Slender, tapering limbate chaetae present in all parapodia. All pectinate chaetae furled with one marginal tooth longer than other teeth; anterior and median ones with about ten teeth; posterior pectinate chaetae slightly flaring with about 15 teeth ( Figs 14D, H, L View FIGURE 14 ; 15E, K, L, M View FIGURE 15 ). Shafts of all compound falciger chaetae distally slightly inflated; marginally lightly serrated ( Figs 14B, C, I, M View FIGURE 14 ; 15F, I View FIGURE 15 ). Appendages bidentate, proximal tooth split in a few chaetae ( Fig. 14C View FIGURE 14 ). Anterior appendages strongly tapering with very small heads in dorsal positions; ventral ones less distinctly tapering, resembling ones in posterior chaetigers. Distal tooth slender and tapering in all chaetigers. Anterior and far posterior appendages with proximal tooth directed laterally, triangular. Median appendages with proximal tooth tapering, directly distally. Aciculae and subacicular hooks yellow. Paired aciculae present in all parapodia ( Figs 14N View FIGURE 14 ; 15H View FIGURE 15 ). Subacicular hooks present from chaetiger 47; occurring sporadically over next 20 chaetigers; thereafter present in all chaetigers; usually single, but paired hooks present in about 1/3 of chaetigers. Hooks tapering distally to small, bidentate head; both teeth directed distally, similar in size and shape ( Fig. 14J View FIGURE 14 ). Anus terminal on a very short pygidium; dorsal pair of pygidial cirri very long, slender; without articulations, ventral pair short, peg-shaped ( Fig. 14O View FIGURE 14 ).

Type locality. Tasmania, Off St. Patricks Head, 41°35’S, 148°14’E, 1100 m depth GoogleMaps   .

Distribution. The new species is known only from one locality at the eastern end of Bass Strait close to the Tasmanian coast.

Etymology. The species name refers to Tasmania, close to the type locality of the species.

Variation. Four paratypes complete, 105 mm long with 120 chaetigers, 135 mm long with 125 chaetigers, 185 mm long with 129 chaetigers and 175 mm long with 137 chaetigers. Start of brachiae on chaetiger 8 or 9. Subacicular hooks first present on chaetiger 35, 37, 47 and 46, more posterior in longer specimens. Inflated bases of ventral cirr vary from chaetiger 8 or 9 to chaetiger 50 to 55.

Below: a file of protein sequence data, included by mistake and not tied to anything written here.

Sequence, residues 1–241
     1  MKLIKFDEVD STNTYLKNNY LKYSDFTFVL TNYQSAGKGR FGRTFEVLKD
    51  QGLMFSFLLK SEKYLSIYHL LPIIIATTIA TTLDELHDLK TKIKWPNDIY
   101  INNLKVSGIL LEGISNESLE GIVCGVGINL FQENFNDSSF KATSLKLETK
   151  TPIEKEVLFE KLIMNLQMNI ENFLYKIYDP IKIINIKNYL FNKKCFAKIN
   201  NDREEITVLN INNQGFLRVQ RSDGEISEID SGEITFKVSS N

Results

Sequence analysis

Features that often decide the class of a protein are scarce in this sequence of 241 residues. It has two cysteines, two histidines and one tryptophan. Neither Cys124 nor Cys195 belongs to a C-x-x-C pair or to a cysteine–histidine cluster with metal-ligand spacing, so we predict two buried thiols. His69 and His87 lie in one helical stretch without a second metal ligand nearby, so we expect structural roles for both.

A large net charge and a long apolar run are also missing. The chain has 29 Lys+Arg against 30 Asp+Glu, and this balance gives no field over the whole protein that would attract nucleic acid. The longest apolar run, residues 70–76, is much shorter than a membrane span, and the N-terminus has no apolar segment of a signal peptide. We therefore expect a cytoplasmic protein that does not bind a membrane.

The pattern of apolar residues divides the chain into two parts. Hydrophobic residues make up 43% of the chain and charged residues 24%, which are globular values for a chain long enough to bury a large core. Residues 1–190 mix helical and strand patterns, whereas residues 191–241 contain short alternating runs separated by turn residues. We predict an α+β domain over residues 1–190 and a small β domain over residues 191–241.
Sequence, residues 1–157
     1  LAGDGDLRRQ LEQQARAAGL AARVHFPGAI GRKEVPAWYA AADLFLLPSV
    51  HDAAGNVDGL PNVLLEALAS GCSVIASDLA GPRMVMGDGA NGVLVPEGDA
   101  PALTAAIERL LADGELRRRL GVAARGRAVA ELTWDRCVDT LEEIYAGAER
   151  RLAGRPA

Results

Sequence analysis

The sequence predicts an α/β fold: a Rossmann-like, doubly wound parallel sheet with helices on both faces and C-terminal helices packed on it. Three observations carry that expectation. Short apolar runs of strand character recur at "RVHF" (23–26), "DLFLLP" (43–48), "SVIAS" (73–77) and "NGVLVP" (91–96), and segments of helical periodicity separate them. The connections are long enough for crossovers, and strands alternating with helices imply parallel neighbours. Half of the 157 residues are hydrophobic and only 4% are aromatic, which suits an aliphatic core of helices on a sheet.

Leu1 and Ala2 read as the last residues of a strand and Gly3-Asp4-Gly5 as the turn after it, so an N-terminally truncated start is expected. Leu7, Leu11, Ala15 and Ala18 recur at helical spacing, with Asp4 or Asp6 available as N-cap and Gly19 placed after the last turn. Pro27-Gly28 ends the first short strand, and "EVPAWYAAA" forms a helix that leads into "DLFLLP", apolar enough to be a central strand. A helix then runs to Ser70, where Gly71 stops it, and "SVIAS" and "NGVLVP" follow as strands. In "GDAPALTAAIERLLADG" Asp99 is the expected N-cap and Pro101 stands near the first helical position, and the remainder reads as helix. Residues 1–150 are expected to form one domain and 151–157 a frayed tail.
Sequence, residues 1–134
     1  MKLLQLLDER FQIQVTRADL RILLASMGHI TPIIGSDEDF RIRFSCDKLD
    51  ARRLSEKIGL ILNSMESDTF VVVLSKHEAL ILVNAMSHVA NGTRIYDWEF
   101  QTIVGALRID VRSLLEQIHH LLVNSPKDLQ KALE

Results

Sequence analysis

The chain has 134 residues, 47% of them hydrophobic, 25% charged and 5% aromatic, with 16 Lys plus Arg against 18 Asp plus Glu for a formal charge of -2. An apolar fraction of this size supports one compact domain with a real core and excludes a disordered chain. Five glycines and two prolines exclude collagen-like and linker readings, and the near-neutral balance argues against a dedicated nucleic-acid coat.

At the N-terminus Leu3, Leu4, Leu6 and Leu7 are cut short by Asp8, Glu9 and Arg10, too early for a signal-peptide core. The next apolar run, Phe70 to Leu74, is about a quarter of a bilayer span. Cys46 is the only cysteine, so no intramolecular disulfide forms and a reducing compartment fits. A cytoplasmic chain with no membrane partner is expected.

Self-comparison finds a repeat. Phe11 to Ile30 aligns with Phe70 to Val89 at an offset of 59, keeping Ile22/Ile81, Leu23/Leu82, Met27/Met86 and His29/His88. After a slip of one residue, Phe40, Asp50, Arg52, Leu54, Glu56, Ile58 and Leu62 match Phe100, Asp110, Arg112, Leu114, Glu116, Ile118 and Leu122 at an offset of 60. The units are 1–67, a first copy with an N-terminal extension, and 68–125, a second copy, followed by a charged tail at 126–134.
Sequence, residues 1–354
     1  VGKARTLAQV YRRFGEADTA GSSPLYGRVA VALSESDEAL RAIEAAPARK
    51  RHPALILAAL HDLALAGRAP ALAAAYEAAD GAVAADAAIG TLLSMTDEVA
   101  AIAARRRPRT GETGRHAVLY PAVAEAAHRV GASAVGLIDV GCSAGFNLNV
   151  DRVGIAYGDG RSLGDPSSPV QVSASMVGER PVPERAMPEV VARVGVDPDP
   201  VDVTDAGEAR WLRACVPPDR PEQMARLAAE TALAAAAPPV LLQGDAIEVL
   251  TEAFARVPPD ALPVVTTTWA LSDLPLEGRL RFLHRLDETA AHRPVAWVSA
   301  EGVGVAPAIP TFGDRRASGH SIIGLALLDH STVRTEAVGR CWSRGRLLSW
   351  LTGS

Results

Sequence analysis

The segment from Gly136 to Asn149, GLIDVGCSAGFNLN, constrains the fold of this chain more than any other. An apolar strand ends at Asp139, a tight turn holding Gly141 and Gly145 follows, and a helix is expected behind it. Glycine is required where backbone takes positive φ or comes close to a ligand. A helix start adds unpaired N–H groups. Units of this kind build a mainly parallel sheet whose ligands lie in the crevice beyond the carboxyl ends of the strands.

Remarks. The new species belongs to group A2 of Eunice   (subacicular hook yellow bidentate, branchiae present in more than 65% of chaetiger starting before chaetiger 10; Fauchald 1970, 1992), which is currently recognized as belonging to the genus Leodice   , because of the light color of the subacicular hooks ( Zanol et al. 2014). Other species in the same group are Leodice armillata Treadwell, 1922   , L. gracilicirrata Treadwell, 1922   , L. leptocirris (Grube, 1870)   n. comb., L. parasegregata ( Hartmann-Schröder, 1965)   n. comb. and L. stigmatura Verrill, 1900   . Branchiae are present from chaetiger 3 in L. gracilicirrata   , L. leptocirris   , L. parasegregata   and L. stigmatura   ; L. armillata   has branchiae from chaetiger 6 and L. tasmaniae   n. sp. from chaetiger 8. The maximum number of branchial filaments is three in L. tasmaniae   n. sp. and L. armillata   , five in L. stigmatura   , six in L. leptocirris   , seven in L. gracilicirrata   and 18 in L. parasegregata   . Branchiae in L. armillata   are longer than notopodial cirri contrasting from the ones of L. tasmaniae   n. sp., which are shorter. Ceratostyles and palpostyles lack articulations in L. leptocirris   . The other four species have some kind of articulation. Those in L. gracilicirrata   have distal indistinct articulations, L. armillata   are moniliform, the other three have basally cylindrical articles, which may become more or less drop-shaped distally. In branchial features the new species most closely resembles L. armillata   , but they differ in the articulation of ceratostyles and palpostyles.


Departamento de Geologia, Universidad de Chile


Royal British Columbia Museum - Herbarium


Australian Museum